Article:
As part of Policy Bridge’s mission to connect Duke researchers with policymakers, we’ve launched a new series in Duke Today highlighting policy engagement efforts led by faculty and researchers across campus. The inaugural article highlights research scientist Katie Rosanbalm, who works with schools and child services agencies across North Carolina to better identify and treat children affected by Adverse Childhood Experiences (ACES). From focus groups with care providers to collaborations with nonprofits, Rosanbalm’s community-based research is already seeing results. One pilot program in Rowan County has resulted in fewer hospitalizations and crisis center services requested since its inception four years ago.
Would you like us to highlight your research in the next installment? To inquire about our engagement story series, email firstname.lastname@example.org.
Organized by the Scholars Strategy Network (SSN), in partnership with the William T. Grant Foundation, this interactive workshop provides researchers and data scientists the opportunity to learn best practices for developing reciprocal relationships with civic intermediaries and policymakers. In the pursuit of its mission to bridge the gap between universities and the policy process, the network has identified the knowledge and skills that researchers need to use their expertise more effectively in the policy realm. The centerpiece is an approach that emphasizes relationships and research-practice partnerships between academics and practitioners, rather than the traditional model of one-way information dissemination.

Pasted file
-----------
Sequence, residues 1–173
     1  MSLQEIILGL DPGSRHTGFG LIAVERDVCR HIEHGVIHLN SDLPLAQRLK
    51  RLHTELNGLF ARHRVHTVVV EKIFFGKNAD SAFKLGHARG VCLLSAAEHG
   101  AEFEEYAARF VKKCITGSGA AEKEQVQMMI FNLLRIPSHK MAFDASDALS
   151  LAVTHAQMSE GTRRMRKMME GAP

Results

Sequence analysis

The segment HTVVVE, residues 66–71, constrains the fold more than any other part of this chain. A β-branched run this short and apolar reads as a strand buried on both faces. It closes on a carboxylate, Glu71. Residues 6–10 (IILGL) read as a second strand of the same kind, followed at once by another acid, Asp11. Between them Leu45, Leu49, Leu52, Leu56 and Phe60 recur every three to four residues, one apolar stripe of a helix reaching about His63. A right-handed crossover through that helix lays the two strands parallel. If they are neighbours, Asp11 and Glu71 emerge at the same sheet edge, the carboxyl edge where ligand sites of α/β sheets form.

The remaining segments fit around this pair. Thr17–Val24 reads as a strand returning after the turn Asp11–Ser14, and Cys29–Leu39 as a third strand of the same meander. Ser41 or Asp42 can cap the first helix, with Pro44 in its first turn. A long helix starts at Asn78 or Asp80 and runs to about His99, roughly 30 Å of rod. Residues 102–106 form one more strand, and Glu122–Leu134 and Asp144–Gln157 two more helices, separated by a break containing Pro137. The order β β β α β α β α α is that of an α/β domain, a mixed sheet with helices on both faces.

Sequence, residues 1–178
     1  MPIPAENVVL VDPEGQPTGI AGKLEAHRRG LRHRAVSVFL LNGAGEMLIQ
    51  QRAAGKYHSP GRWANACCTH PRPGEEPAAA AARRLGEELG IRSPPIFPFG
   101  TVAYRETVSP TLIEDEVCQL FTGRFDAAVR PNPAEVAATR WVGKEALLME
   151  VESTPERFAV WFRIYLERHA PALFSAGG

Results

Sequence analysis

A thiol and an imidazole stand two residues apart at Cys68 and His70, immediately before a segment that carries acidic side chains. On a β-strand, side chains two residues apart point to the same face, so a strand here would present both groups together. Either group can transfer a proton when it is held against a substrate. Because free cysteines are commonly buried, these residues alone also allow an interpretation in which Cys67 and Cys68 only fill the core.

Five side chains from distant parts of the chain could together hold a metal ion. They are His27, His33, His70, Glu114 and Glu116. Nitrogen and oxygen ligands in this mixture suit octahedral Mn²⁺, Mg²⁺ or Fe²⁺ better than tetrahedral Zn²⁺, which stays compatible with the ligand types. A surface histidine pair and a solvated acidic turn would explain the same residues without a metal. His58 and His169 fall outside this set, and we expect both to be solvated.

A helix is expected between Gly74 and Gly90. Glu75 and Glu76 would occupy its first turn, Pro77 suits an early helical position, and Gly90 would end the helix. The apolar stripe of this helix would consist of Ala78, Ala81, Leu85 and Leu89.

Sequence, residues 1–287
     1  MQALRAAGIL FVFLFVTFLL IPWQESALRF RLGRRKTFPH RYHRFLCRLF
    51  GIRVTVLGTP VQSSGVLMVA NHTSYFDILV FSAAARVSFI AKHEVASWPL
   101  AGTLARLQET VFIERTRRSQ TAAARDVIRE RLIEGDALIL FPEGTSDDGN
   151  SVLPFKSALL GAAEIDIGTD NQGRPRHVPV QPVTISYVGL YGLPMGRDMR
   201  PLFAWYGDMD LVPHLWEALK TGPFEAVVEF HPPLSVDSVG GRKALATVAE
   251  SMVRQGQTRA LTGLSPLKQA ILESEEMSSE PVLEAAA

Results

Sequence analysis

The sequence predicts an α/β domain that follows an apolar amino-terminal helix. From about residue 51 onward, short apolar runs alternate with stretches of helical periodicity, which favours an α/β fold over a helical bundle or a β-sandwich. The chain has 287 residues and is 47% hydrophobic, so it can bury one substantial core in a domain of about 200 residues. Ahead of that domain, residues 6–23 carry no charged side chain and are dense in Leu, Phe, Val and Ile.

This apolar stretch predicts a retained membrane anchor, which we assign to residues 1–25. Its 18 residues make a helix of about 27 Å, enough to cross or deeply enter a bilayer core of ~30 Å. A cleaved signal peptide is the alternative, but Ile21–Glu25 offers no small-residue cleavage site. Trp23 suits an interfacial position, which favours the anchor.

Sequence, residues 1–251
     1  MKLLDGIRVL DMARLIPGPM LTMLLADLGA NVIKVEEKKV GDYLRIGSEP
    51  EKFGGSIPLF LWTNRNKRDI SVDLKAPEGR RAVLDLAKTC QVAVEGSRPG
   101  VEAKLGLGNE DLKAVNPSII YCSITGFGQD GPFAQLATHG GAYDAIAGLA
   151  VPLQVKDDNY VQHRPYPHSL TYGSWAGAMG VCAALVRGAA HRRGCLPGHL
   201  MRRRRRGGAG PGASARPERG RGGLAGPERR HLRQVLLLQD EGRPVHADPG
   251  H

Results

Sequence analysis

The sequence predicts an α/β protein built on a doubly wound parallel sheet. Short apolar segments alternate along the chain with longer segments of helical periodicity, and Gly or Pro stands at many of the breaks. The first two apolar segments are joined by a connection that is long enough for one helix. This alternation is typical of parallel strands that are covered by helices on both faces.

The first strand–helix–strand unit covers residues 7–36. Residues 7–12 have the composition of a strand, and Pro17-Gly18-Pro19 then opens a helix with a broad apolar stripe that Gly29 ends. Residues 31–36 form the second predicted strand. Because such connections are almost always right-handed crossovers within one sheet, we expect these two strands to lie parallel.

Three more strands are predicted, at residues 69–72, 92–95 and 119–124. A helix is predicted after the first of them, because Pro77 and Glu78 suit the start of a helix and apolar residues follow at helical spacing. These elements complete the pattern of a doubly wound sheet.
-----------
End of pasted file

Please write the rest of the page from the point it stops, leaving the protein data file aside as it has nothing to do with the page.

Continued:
This workshop aims to provide concrete tools to empower researchers to foster long-term, reciprocal relationships with policymakers. These relationships — which are most formally organized as research-practice partnerships, but can take many other forms — have the potential to address policy crises and opportunities when they arise, as well as to promote policy improvement over the long-run. Skills taught in the training include: how to develop ongoing, reciprocal, trusting relationships with policymakers and civic intermediaries; how to assess policymakers’ resources, needs, and opportunities; the timing of the policy-making process; how to make effective use of intermediary groups; how interaction with policymakers can help researchers determine better research questions; and how ongoing policy engagement can be a part of researchers’ academic success.
Co-hosted by Duke Policy Bridge
Date: Friday, March 30th
Open to doctoral students, post-docs, research associates, and faculty.
Applications will be accepted until 8:00am EST Tuesday, February 13th. We will notify applicants of their admission status by Monday, February 19th.
Chair of Duke’s Math Department and North Carolina native, Professor Jonathan Mattingly, has changed the course of the state’s history with his data-driven research on gerrymandered districts. Earlier this month, a panel of federal judges struck down North Carolina’s congressional districts as unconstitutional gerrymanders created to disproportionately benefit the Republican party – and they cited Mattingly’s research in the lead opinion.